Fert use

Rowland

Member
Thankfully I’m out of full time farming now but still have an interest in it .
With the obvious problems with fertiliser has anyone who has all the feet they need and bought a semi decent price considered using about half of it this season and holding onto the other half for next season ?
Or just sell it all now at £1000 a ton 🤷‍♂️
 

Flatlander

Member
Arable Farmer
Location
Lorette Manitoba
I’m going to use the full amount on my crops. Can see any point growing a crop and shorting it the one thing that drives yield the most. Next year if fertilizer prices are higher then re think then, personally think prices are higher to stay but you never know. Crop prices are decent to help cover the extra cost so I’m all in.
 

Yale

Member
Livestock Farmer
I’m going to use the full amount on my crops. Can see any point growing a crop and shorting it the one thing that drives yield the most. Next year if fertilizer prices are higher then re think then, personally think prices are higher to stay but you never know. Crop prices are decent to help cover the extra cost so I’m all in.
A question from a grassland farmer.

If next year you can only afford half fertiliser do you fallow half and full rate fert half or grow all the area and give it half rate?
 

benny6910

Member
Arable Farmer
A question from a grassland farmer.

If next year you can only afford half fertiliser do you fallow half and full rate fert half or grow all the area and give it half rate?
If I become in this situation then I will fallow half and full rate half. Hopefully I will not have to make this decision in July/august.
 

Flatlander

Member
Arable Farmer
Location
Lorette Manitoba
I’m going to use the full amount on my crops. Can see any point growing a crop and shorting it the one thing that drives yield the most. Next year if fertilizer prices are higher then re think then, personally think prices are higher to stay but you never know. Crop prices are decent to help cover the extra cost so I’m all in.
Hopefully not a situation I’d like to be in but fortunately here we have soyabean as an option. They are good at scavenging p and k and fix their own N so that would my go to crop and full rate the other half. leaving land fallow just adds to next years problems and our soil needs a crop to keep pulling moisture out or the next year it can be a swamp.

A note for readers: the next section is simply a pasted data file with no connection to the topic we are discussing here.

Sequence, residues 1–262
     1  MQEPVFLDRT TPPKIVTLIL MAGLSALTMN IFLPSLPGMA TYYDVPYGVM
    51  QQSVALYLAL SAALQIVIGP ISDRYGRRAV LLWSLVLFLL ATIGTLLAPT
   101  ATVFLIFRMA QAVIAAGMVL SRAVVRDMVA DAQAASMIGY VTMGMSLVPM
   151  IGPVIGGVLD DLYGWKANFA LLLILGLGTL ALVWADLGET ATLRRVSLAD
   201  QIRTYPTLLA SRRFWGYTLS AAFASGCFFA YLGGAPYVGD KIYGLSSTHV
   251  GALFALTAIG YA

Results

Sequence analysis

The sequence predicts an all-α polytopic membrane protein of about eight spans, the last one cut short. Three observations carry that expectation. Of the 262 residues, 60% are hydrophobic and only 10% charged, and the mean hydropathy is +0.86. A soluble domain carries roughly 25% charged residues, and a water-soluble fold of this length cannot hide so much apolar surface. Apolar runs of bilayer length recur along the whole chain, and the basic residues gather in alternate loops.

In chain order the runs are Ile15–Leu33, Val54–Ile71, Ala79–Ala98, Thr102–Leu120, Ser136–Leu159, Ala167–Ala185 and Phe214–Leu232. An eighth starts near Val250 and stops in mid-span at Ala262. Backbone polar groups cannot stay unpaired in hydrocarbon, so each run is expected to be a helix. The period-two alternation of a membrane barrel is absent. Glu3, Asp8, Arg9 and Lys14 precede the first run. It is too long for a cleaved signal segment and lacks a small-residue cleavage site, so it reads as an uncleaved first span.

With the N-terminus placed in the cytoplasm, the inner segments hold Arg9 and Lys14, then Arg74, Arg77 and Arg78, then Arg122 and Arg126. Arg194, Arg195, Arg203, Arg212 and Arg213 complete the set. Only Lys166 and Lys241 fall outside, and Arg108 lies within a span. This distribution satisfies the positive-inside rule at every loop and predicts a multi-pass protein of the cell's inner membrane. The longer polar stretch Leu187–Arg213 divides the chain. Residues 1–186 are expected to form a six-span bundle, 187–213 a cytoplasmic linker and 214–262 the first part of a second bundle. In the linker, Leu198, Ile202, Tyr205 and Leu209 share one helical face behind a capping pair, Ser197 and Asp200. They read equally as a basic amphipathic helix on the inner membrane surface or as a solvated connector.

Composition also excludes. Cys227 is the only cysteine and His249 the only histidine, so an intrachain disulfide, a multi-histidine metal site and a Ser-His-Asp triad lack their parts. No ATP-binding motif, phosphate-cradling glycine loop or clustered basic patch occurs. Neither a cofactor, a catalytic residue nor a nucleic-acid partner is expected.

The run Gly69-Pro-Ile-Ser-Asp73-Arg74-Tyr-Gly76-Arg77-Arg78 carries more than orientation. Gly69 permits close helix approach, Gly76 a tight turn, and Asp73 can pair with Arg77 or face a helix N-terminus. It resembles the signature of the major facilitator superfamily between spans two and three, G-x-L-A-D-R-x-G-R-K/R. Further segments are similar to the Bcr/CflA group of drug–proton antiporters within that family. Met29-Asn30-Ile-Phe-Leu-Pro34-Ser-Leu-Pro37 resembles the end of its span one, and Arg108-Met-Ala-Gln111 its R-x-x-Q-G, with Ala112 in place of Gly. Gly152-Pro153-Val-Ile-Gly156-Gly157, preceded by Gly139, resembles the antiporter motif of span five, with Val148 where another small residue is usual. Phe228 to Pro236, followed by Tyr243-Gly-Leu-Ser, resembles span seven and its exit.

ajcc

Member
Livestock Farmer
Farming was hard enough with fert at £300 / ton now it is three times the price! I for one will not be buying take a fertiliser holiday.
If we get a drought on this dry, coastal far.m I shall have made right decision.
Have put some lime on and am buying some silage in currently but bagged fertiliser no.....excepting my fodderbeet ground which has had initial 50.25.25 and all my fym in preparation for planting this week.
 

icanshootwell

Member
Location
Ross-on-wye
Talking to a friend who is buying as much bagged silage as possible, saving his own till next year, myself, putting full amount on crops and half on grass as clover will help their. It's a lottery for next year, I was planning to grow twice as much wheat as this year, will see what the autumn brings.
 

snarling bee

Member
Arable Farmer
Location
Bedfordshire
A question from a grassland farmer.

If next year you can only afford half fertiliser do you fallow half and full rate fert half or grow all the area and give it half rate?
Probably fallow some, but it depends on the price of the crop, which we dont know. But I will be putting 50% N on all acreage, probably still yield 85%. Difficult to farm the sun and water if there is no crop.
 

MrNoo

Member
Arable Farmer
Location
Cirencester
Had this discussion the other day with my next door neighbour, we both came to pretty much the same conclusion.
Either wall to wall SB, cheap as chips or just concentrate on 1st wheats fallow the rest or just fallow the bloody lot. Got a lot of winter beans in here this year so there will be a large wheat acreage next year if inputs/prices are favourable
 

bluebell

Member
I think , correct me if im wrong? but most large farmers buy, take delivery of their fertilizer late summer, early autumn , so would have had most of their fertilizer requirements in the barn , paid for at last years prices, its this years buying that will have the biggest impact? i was quite lucky to have had a few tons left from last year?
 

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Man fined £300 for bonfire-related waste offences

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Written by William Kellett from Agriland

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A man has pleaded guilty at Newtownards Magistrates’ Court to waste offences relating to a bonfire next to the electrical sub-station on the Circular Road in Newtownards, Co. Down.

Gareth Gill (51) of Abbot’s Walk, Newtownards pleaded guilty to two charges under the Waste and Contaminated Land (Northern Ireland) Order 1997, for which he was fined £150 each and ordered to pay a £15 offender’s levy

On June 25, 2018, PSNI officers went to Gill’s yard, where they found a large amount of waste consisting of scrap wood, pallets, carpet and underlay.

Discussion with Northern Ireland Environment Agency (NIEA) officers confirmed the site...
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